What you need to know:
- There are several scientist-comedians from across the US, united in their belief that laughter can be a powerful tool for communicating complex concepts.
- Science and comedy actually have a lot in common.
- They have found a way to reach out to the public, particularly in areas that have become controversial such as climate science.
By day, Kasha Patel works at NASA writing content for its website, but she spends her nights communicating scientific discovery through an altogether different medium: stand-up comedy.
"Part of my job is to help distinguish the difference between fact versus myth for the general public," the 28-year-old explained as she warmed up an audience at a recent bar gig near Penn State University.
"So for instance, fact: you can get chlamydia if a koala urinates on you. Myth: your wife will believe you."
Patel's act sits between two seemingly opposing fields: that of scientific endeavour, famously described by astronomer Carl Sagan as "stodgy and grumpy," and the raucous world of comedy, currently experiencing a boom that has facilitated the rise of niche genres such as intellectual humour.
The founder of DC Science Comedy, now a recurring live show in the capital, Patel is joined this night by several scientist-comedians from across the US, united in their belief that laughter can be a powerful tool for communicating complex concepts.
Shannon Odell, a neuroscience PhD candidate at the Weill Cornell Medical College who has a live show called "Drunk Science" in New York, tells the audience that, contrary to what they may think, "science and comedy actually have a lot in common."
"Both are really just making observations about the world and then sharing it with an audience," she says.
"Jerry Seinfeld, he'd be like, what's the deal with airplane food? ... Whereas scientists are just like, what's the deal with rising CO2 levels?
In an interview with AFP, Odell explained that laughter has a powerful evolutionary purpose and helped early humans develop camaraderie and more complex social networks.
"I think it's important for communicating science to someone, because if you're laughing with them, then it's almost like you're on an even playing field, and people are more receptive to messages," she said.
The 30-year-old uses this dynamic in a series of YouTube videos that explore the science of the human brain under various stimuli -- from breakups to kittens to alcohol.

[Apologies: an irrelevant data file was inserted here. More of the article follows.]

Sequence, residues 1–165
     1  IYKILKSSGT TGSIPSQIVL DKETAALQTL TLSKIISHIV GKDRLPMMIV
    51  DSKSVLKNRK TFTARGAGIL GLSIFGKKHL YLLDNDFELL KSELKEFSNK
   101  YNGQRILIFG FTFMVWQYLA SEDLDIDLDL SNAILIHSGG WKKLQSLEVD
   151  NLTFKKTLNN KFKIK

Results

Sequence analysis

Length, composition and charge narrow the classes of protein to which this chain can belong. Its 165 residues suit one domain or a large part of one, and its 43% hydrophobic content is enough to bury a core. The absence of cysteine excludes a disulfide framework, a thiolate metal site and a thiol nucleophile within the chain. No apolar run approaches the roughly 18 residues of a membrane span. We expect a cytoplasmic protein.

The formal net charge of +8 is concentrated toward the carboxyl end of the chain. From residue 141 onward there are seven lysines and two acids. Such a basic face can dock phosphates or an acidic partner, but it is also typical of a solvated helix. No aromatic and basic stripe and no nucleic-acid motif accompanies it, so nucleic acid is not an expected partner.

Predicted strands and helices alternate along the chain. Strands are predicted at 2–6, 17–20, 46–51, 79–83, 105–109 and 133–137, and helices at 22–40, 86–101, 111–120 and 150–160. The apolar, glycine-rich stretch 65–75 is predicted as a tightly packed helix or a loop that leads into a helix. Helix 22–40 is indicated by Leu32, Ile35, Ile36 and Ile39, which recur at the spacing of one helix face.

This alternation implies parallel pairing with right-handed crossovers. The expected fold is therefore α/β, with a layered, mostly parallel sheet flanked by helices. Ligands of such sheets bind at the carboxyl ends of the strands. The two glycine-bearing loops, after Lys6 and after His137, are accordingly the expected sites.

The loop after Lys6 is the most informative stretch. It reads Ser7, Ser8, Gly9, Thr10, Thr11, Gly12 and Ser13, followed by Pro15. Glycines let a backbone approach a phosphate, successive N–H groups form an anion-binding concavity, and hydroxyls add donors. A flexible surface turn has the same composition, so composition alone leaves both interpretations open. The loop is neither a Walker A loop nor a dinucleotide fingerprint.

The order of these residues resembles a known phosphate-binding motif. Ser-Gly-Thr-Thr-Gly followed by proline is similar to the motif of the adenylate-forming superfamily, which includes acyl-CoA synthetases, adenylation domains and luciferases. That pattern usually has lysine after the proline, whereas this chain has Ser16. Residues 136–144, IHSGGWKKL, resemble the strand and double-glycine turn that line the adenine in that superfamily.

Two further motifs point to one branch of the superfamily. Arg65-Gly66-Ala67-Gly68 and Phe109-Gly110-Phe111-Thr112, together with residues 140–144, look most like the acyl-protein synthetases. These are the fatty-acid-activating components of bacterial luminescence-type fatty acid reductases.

In the latter, which has racked up half a million views, Odell trades on a bubbly delivery and helpful info graphics as she downs shots and slurs her way through the impact of heavy drinking on the brain's cerebellum, responsible for coordination.
Patel, on the other hand, follows a more traditional comic mold with setups and punch lines, and told AFP it took hard work to shed her careful science instincts and embrace the absurdism necessary to make people consistently laugh on stage.
An Indian-American chemistry graduate who was set to go to medical school per her parents' wishes before finding her own unique path, her material often references her background and personal life.
One example: "A few years ago, SpaceX launched the rocket, but it blew up when it left Earth's atmosphere...But NASA did not call it a failure. They called it a non-nominal launch.
"Which is weird, because last week, I had a non-nominal date. It was not a failure, because he never showed up."
She has not, however, lost her nerdy touch. Patel recently used data to hone her act, analysing recordings to see how long the audience laughed after 500 of her jokes to devise a humour impact score.
"So I found that my science jokes do 40 percent better than my other jokes," she said, adding she was working on an algorithm to automate the analysis.
A recent Pew research poll underscores there is a serious side: it found the scientific community is the second most trusted institution in the US after the military, with 44 percent expressing a great deal of confidence in it -- as opposed to just 13 percent for the press.
This makes it all the more important to find new ways to reach out to the public, particularly in areas that have become controversial such as climate science, argues Odell.
"It's great for scientists to get out there and talk about the research because they are the expert on the research," she said, even if not everyone can do so through jokes or comedy routines.
Though scientists are often funded by the taxpayer, their research often ends up being presented only in specialist conferences or in pay-walled, jargon-laden journals, creating space for misinformation to rise.
"We think of science as this kind of academic ivory tower...(but) there's a value in making it entertaining, as long as you're not losing scientific accuracy," she said.